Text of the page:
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Alabama hospice settles fraud claims of $24.7M
SouthernCare Inc. and its shareholders agreed to pay the United States a total of $24.7 million to settle allegations that the company submitted false claims to the government for patients treated at its hospice facilities, the U.S. Justice Department reported in mid-January.
SouthernCare, based in Birmingham, AL, operates about 99 locations that provide hospice services in 15 states.
"The Medicare hospice benefit is intended to provide compassionate end-of-life care to teriminally ill patients," said Gregory G. Katsas, assistant attorney general of the civil division. "This settlement sends a clear message that the Department of Justice will not allow health care providers to take advantage of beneficiaries in their attempts to game the reimbursement system."
The settlement results from two qui tam suits filed by two former SouthernCare employees, on behalf of the United States.
The False Claims Act authorizes private parties to file suit against those who defraud the United States and to receive a share of any recovery. The United States will pay $4.9 million to the individuals who filed the actions against SouthernCare.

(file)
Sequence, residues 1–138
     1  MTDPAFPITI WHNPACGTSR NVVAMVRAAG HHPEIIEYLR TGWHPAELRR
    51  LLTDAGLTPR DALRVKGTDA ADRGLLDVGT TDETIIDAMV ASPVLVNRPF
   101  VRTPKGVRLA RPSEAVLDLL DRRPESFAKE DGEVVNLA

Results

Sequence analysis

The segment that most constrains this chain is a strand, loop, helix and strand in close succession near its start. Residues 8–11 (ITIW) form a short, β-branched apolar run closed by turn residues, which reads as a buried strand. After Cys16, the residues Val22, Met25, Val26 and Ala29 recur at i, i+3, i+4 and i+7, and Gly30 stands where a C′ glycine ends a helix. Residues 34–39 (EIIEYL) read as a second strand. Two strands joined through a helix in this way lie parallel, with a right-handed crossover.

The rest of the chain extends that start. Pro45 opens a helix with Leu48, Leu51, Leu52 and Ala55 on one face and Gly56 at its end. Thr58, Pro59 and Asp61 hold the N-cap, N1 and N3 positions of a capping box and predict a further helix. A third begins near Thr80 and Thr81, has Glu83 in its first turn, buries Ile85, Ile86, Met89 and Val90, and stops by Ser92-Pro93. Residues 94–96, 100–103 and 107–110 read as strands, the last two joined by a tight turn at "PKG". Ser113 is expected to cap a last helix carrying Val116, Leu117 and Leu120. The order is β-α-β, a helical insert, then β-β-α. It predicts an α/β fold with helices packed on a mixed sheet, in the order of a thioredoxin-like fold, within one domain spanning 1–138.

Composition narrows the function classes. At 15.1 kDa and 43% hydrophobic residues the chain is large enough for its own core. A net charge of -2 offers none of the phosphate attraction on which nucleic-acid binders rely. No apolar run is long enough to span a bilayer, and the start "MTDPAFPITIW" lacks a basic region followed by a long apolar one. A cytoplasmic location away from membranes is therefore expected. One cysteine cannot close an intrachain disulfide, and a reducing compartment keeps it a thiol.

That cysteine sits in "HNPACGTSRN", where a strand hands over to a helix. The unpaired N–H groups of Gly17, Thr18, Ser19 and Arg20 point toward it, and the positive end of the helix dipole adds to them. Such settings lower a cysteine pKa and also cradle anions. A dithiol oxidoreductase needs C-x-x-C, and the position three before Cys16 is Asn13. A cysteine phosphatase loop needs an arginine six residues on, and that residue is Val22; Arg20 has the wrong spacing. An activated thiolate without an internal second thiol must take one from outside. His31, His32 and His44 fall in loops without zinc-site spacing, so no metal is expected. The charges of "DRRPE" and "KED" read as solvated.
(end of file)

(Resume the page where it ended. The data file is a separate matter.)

"Our investigation showed a pattern and practice to falsely admit patients to hospice care who did not qualify and to bill Medicare for that care. This resulted in taxpayers bearing inappropriate costs," said Alice H. Martin, U.S. Attorney for the Northern District of Alabama.
New guidelines published for prescribing opioid meds
A panel of pain management experts representing the American Pain Society (APS) in Glenview, IL, and the American Academy of Pain Medicine also in Glenview, IL, has published what they call "the first comprehensive clinical practice guideline" to assist clinicians in prescribing opioid pain medications for patients with chronic non-cancer pain.
The guidelines were published in a recent issue of The Journal of Pain.
"The expert panel concluded that opioid pain medications are safe and effective for carefully selected, well monitored patients with chronic non-cancer pain," said Gilbert J. Fanciullo, MD, a panel co-chair and director, Section of Pain Medicine, Dartmouth Hitchcock Medical Center.
APS, AAPM, and the Oregon Evidence-based Practice Center at Oregon Health and Science University collaborated for two years reviewing more than 8,000 published abstracts and non-published studies to assess clinical evidence from which their recommendations are based.